JOHANNES KLABBERS – Not the void exactly: Species of Spaces – Art Monthly Australia (#229, May 2010)

Melissa Laing’s video loop “borderline”, presents an uncanny constructed space that is at once both legible and uninhabitable. The video explores the constructed environment of international air travel. It examines the conceptual and physical nature of the national border at the airport, presenting the border as both a simple line on the floor and a physical barrier. This divide between the airside and landside of the airport that the camera shuttles along but never crosses, embodies complex issues of border control, freedom of movement and hospitality. Ryszard Dabeck, 2009

In Melissa Laing’s striking video borderline, the camera wanders hesitantly from here to there and back, traversing a space designed to process international arrivals; however human subjects are eerily absent. The viewer’s relationship to the pictorial space and the slightly strange proportions of the objects within it are reminiscent of a scene created in 3D modelling software but its barely noticeable imperfections make it more likely that we find ourselves in a tiny maquette. This most transient of spaces owned and operated by corporations serving the state, also functions in relation to time. It plots an in-between time, not the void exactly but a space where time is suspended, where relations are impossible, in which the arrivée is present physically but her status, like that of the camera, remains indeterminate. Here, where citizens whose legitimacy is yet to be established walk in the straight line which the authorities demand, no doubt watched by cameras or custom officers, and lately health officials, looking for signs of fever or the characteristic gait and the worried expression of someone with contraband concealed in their intimate space/s, the traveller is uncertain of her location in space and time, and whether or not the process of arrival is going to be successfully concluded.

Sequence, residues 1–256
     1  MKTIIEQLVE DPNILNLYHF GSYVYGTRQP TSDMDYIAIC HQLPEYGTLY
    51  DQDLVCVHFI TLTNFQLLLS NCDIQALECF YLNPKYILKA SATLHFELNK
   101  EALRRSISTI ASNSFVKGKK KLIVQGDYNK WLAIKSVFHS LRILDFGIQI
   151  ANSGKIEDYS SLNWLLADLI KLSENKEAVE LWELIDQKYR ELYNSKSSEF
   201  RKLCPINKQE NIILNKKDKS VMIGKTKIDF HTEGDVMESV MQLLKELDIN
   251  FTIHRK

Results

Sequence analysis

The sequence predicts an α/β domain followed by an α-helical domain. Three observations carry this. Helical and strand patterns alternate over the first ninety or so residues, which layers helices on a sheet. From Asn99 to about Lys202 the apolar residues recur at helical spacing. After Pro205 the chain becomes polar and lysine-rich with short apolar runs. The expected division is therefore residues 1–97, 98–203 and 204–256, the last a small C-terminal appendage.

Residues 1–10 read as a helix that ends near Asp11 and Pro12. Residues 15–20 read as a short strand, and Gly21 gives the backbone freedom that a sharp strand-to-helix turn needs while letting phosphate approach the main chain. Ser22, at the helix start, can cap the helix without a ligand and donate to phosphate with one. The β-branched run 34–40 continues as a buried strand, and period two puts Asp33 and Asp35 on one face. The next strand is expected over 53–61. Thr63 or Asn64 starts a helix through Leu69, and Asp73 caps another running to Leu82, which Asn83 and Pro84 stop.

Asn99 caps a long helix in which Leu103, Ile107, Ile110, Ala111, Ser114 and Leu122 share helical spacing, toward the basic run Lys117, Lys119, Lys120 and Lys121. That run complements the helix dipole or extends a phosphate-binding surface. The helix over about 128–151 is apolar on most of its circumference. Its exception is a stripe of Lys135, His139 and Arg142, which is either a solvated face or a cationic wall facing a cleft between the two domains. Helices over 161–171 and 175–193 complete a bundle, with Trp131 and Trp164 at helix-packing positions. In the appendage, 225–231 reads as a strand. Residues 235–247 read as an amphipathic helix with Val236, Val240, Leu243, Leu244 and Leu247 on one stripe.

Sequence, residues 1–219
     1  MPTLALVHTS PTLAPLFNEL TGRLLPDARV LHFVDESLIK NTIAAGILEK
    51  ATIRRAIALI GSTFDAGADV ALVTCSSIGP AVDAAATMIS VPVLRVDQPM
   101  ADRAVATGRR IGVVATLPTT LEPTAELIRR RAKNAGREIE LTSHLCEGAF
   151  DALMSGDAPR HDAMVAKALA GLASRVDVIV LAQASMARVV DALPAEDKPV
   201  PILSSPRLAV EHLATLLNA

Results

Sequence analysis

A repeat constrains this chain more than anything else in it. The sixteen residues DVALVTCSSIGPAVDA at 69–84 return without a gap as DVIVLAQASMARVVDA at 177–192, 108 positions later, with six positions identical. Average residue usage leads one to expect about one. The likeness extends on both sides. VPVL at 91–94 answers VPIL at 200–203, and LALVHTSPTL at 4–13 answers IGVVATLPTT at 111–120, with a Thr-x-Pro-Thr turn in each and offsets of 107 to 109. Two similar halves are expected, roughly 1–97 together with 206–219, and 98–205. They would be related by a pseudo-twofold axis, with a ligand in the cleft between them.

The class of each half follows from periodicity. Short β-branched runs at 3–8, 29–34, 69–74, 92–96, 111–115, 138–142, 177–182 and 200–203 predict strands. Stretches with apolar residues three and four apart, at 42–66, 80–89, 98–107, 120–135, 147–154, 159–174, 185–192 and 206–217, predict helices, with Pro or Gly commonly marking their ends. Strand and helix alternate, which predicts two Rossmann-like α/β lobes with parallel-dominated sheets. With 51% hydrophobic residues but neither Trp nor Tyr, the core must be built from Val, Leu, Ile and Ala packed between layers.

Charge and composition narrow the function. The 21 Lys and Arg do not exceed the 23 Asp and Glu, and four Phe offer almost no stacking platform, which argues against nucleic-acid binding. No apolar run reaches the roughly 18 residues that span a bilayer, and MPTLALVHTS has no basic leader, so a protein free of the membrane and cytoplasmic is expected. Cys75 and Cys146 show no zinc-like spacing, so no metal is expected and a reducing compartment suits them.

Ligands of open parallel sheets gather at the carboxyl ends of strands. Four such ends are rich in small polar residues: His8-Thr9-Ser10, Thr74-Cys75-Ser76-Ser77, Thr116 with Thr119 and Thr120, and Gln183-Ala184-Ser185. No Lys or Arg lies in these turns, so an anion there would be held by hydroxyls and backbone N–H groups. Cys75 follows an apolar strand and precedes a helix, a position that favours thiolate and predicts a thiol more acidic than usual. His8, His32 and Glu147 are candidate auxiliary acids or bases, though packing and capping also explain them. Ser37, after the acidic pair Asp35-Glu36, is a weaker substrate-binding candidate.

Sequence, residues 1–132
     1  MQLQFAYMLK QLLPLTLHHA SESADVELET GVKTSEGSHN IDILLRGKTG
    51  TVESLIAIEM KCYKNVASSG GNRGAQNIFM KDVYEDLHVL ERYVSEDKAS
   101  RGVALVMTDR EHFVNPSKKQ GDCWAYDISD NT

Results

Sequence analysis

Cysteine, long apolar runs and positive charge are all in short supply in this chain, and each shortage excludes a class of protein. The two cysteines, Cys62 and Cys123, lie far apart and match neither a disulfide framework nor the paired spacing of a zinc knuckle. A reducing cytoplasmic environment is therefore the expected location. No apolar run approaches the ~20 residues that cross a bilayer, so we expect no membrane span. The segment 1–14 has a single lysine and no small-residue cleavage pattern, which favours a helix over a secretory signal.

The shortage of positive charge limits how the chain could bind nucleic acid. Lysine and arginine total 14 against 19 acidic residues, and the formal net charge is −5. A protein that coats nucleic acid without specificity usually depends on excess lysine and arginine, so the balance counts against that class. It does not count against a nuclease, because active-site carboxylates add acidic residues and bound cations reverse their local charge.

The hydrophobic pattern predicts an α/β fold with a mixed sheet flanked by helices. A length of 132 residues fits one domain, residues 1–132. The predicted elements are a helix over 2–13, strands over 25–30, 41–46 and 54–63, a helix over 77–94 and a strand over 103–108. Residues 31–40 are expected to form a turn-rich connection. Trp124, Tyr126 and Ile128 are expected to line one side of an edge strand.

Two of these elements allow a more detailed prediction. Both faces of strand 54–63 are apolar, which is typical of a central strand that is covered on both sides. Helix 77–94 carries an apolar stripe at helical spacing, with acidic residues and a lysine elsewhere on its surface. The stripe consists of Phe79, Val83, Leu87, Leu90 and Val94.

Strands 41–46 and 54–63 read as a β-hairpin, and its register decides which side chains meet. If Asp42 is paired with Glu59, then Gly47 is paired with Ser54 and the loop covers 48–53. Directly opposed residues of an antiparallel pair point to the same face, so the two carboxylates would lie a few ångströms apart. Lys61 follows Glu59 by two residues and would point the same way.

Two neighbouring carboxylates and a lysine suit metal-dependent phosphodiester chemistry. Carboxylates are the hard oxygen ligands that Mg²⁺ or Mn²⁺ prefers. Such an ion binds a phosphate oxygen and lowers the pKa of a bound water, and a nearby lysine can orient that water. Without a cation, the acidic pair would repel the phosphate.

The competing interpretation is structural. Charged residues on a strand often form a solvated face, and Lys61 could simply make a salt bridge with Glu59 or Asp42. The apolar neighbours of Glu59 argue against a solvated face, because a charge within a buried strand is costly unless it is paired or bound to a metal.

The popularity of reality TV shows such as Border Patrol attests to the power of these in-between spaces. Where a decade ago millions split their sides over cavorting kittens and inebriated men and women attempting to dance on tables in Australia’s Funniest Home Videos, these days audiences revel in schadenfreude watching the traveller who has to unpack every single one of their suitcases and seeing its contents being laid out and carefully examined by latexed hands, and/or being asked to accompany the officer to the interview room to argue their legitimacy with a more senior official.

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